Film Fund

Over €40 million for Luxembourg film industry

Photo: Guy Jallay

(CS) Luxembourg's Film Fund in 2013 allocated over 40 million euros to film productions, with the system of Audiovisual Investment Certificates to be scrapped as part of a wider reform of the body greenlighted by MPs earlier this month.

The Film Fund until now awarded two different types of financial support:

• Audiovisual Investment Certificates – subsidies awarded to offset some of the cost of production in Europe and, in particular, Luxembourg

• National Audiovisual Production Support (“Aides Financiers Selectives” - AFS) – discretionary loans provided to Luxembourg-based producers

The latter are split into to parts, with around 1.2 million euros given for script-writing and development of films in 2013, while 32 films benefitted from a total sum of 34 million euros for production.

Among the projects to receive Film Fund support is Luxembourg post-WW2 drama “Eng nei Zait” by Christophe Wagner, who previously co-wrote and directed thriller “Doudege Wénkel”, as well as Black Harvest, a documentary feature on hydraulic fracking in North Dakota.

Meanwhile 14 films received Audiovisual Investment Certificate funding, including Ernest & Célestine, which was nominated for a best animated feature Academy Award this year. A total sum of 15,491,579 euros were spent on the certificate programme in 2013.

New selection committee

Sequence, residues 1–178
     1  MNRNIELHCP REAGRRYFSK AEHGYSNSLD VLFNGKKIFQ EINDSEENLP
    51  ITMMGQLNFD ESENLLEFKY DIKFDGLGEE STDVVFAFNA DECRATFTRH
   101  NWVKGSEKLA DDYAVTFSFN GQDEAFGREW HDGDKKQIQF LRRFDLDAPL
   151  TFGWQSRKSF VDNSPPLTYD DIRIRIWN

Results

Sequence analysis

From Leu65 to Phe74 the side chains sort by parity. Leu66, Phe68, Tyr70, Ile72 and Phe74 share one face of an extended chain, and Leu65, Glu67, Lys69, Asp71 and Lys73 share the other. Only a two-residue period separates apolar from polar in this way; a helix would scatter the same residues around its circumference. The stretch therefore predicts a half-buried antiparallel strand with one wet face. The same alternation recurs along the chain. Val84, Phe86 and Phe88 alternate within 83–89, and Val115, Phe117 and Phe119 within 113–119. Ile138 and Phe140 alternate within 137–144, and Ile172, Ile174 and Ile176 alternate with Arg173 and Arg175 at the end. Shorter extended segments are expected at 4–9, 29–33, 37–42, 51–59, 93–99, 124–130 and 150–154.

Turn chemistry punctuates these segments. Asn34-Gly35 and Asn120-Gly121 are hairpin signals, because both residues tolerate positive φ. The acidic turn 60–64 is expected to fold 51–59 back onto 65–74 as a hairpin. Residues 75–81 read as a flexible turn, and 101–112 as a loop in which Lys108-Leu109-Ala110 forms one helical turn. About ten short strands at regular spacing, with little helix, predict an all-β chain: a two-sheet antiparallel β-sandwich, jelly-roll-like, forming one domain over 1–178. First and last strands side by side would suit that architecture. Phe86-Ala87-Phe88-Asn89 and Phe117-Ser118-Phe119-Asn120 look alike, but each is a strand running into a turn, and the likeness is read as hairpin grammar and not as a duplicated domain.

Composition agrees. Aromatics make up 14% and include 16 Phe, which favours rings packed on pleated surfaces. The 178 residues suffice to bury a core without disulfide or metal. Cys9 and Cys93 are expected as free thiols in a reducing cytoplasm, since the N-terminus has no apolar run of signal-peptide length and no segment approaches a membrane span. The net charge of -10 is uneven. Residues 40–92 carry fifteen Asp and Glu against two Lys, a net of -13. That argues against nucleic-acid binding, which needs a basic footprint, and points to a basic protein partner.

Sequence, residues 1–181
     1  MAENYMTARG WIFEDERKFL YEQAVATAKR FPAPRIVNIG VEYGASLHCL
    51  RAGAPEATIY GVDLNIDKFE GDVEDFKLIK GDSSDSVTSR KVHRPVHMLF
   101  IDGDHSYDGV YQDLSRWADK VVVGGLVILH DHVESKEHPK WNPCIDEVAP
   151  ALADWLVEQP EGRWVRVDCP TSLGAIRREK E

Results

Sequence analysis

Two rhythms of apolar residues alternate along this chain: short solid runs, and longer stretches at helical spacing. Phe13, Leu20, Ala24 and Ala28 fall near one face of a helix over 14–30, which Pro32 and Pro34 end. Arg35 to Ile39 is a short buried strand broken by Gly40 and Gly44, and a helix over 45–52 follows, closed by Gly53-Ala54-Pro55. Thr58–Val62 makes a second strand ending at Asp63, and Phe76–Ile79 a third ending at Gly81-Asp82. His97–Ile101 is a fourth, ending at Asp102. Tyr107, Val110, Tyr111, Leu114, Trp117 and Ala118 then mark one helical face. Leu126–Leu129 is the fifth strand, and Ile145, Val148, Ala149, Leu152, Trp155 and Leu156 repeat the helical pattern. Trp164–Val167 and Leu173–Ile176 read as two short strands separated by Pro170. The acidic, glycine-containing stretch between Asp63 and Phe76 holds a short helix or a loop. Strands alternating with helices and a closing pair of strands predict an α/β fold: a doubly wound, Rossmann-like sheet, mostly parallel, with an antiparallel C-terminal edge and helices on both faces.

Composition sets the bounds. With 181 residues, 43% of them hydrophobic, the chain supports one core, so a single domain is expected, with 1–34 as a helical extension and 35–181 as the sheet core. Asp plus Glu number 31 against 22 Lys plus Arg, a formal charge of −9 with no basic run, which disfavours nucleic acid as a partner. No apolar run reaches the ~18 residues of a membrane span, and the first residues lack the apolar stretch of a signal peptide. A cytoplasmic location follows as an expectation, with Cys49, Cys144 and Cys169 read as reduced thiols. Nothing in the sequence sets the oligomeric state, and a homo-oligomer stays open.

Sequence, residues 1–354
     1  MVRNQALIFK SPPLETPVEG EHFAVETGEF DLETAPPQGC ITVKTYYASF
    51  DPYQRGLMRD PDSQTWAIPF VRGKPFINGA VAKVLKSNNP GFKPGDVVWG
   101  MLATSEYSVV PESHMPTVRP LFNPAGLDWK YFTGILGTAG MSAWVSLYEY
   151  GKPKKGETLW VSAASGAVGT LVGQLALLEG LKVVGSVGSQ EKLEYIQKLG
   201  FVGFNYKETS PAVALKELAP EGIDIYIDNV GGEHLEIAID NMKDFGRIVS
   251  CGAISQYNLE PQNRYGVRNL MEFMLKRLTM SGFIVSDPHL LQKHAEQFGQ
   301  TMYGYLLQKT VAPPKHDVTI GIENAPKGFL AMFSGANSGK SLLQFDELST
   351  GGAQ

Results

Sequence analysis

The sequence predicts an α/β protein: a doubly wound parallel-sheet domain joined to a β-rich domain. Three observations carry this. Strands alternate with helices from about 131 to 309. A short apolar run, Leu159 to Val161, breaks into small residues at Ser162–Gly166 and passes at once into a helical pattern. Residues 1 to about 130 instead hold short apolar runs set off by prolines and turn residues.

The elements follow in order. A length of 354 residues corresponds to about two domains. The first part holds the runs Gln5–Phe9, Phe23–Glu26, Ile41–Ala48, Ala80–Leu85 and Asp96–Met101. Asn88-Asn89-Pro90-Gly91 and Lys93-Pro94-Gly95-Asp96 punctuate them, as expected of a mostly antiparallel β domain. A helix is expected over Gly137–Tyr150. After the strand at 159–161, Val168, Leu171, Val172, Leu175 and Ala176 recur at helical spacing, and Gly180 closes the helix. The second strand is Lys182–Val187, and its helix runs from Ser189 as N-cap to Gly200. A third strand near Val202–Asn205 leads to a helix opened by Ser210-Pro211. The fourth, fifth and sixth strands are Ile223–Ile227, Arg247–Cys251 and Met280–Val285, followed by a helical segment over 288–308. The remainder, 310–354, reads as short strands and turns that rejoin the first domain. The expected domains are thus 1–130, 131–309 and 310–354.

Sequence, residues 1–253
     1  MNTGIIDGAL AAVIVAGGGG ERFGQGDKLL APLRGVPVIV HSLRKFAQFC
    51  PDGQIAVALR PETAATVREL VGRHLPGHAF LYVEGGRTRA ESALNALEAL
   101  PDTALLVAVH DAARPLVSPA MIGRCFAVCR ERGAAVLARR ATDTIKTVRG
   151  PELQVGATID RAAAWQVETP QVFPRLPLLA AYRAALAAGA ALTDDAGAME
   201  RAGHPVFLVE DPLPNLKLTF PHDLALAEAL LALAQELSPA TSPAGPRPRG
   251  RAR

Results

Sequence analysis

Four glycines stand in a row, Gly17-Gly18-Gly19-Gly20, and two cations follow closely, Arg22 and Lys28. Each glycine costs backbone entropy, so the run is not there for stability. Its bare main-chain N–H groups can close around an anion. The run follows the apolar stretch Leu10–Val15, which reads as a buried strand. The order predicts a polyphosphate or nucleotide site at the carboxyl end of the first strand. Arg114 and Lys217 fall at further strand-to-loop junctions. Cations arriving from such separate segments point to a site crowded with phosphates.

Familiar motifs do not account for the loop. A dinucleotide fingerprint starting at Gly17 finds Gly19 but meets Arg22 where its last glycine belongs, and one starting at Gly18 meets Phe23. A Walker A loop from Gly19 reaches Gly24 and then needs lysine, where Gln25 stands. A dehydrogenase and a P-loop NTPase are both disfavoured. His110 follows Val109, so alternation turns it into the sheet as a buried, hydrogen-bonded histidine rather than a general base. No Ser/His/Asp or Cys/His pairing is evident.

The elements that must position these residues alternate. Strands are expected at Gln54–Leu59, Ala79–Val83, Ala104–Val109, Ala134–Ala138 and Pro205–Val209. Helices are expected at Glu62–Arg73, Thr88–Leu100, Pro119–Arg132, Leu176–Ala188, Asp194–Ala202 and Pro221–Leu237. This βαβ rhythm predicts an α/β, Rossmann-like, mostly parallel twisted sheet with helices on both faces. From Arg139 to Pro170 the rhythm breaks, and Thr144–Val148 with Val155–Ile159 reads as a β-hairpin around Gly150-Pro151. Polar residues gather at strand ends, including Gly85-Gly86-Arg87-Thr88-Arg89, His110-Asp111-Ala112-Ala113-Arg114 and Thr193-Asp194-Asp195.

At a presentation of the results on Monday, Film Fund director Guy Daleiden revealed that applications for funding were up 30 percent, while available resources had stayed the same, leading to a stricter selection process.

Daleiden said that feature films made in Luxembourg would be given priority over co-productions in which Luxembourg producers have only a minority share.

The reform of the Film Fund by Luxembourg law will also see a new selection committee set up including five industry experts, headed by a board composed of three members. The committee will assess applications by their artistic and cultural merit, their impact on the development of the audiovisual sector, sociocultural heritage and national history and memory criteria, potential for distribution and commercialisation nationally and internationally, as well as promotion.

The new committee will replace a former system of two such bodies – one dedicated to script-reading and the other to technical and financial evaluation.

Additionally, only direct subsidies will be paid in the future and the indirect system of Investment Certificates will be scrapped.

To access the full 2013 Film Fund report, click here.

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